Ten Things You Need to Know Today: 7 February 2023


Turkey death toll ‘could rise eightfold’

A huge rescue operation is continuing across much of southern Turkey and northern Syria following a huge earthquake that has killed more than 4,300 people. Teams are scrambling to save people trapped beneath the rubble after thousands of buildings collapsed in both countries. The death toll is “steadily increasing” said The Times and the World Health Organisation warned that the total could rise eightfold. Turkey has declared seven days of national mourning, according to the Daily Sabah.

Huge earthquake on Turkey-Syria border leaves thousands dead


Rishi Sunak prepares reshuffle

Rishi Sunak is preparing a small reshuffle of his Cabinet to mark his 100 days in office and could announce the changes as soon as this morning. The prime minister has been looking for a successor to Nadhim Zahawi as the Conservative Party chairman and is expected by Whitehall insiders to make other changes. A “well-placed source” told the BBC they expected Zahawi’s successor to be the Trade Minister Greg Hands. Another government source told The Times that the reshuffle would be “relatively limited” but The Sun reported that it could be more extensive and include the merger of three government departments.

Rishi Sunak’s 100 days as PM: can he turn things around?


Energy bills ‘to fall in summer’

Two leading economic analysts have predicted that energy bills will fall this summer, helping to bring down inflation and reduce pressures on the cost of living. The Resolution Foundation said it expected the average bill to fall to £2,200 by October, while energy consultancy Cornwall Insight predicted that average bills could fall to about £2,360 over the summer. Emily Fry, an economist at the Resolution Foundation, said: “The cost of living crisis is far from over, but falling gas prices mean that it’s looking less bleak than just a few months ago.”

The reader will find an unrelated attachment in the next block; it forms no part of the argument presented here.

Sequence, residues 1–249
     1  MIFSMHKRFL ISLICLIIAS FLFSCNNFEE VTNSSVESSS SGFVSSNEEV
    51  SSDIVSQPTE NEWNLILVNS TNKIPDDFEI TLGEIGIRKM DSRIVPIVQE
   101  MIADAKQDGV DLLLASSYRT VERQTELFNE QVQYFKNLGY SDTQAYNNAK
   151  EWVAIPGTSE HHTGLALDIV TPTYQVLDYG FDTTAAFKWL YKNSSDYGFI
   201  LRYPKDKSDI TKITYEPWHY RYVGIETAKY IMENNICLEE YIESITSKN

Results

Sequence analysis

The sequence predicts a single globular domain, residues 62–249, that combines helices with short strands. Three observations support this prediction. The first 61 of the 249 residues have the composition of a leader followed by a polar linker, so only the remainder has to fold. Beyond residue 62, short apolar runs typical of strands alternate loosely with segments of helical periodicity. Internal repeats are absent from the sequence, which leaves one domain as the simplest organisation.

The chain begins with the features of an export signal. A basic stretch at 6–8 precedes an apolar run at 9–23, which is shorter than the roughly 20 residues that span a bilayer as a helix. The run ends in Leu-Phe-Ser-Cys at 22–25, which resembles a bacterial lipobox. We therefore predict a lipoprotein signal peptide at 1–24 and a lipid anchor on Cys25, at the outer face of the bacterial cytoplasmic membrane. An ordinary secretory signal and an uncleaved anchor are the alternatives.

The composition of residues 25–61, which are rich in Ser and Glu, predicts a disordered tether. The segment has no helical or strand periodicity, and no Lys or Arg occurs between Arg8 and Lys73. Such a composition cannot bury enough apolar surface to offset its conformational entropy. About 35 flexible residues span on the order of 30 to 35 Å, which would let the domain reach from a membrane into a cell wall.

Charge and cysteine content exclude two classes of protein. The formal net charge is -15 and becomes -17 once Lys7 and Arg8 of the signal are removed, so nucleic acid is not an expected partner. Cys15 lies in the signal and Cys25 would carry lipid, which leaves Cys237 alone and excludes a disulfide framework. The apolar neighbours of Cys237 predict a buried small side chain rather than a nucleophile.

Will energy bills go down this year?


Man City’s rivals demand relegation

Premier League rivals are demanding Manchester City are relegated if the club is found guilty of breaking financial fair play rules. Following a four-year investigation, the club has been referred to an independent commission over 100+ alleged rule breaches between 2009 and 2018. City said they were “surprised” by the development and have a “body of irrefutable evidence” to counter the charges. However, said The Sun, others clubs are “demanding blood”. One club chief told the paper: “If these charges are proven there must be proper punishment – and the only fitting one is for them to be relegated.”


Truss ‘making life harder for Sunak’ say pollsters

Pollsters have warned that Liz Truss’s attempt at a comeback is damaging the Conservative Party brand. Speaking to the i news site, Sir John Curtice, professor of politics at Strathclyde University, said “leaders that are brought down or resign not of their own volition tend to be a bit of a problem”. Chris Hopkins, political research director at polling firm Savanta, also told the paper that Truss “hanging around isn’t giving Sunak any space to try and carve out a niche for himself or to convince voters that he is different to what’s come before”. In her first interview last night since resigning as PM, Truss admitted her premiership was “tough” but she “just sort of got on with it”. “I went in with a very clear agenda about what we needed to deliver,” she told The Spectator, but “events took place which I wasn’t expecting”.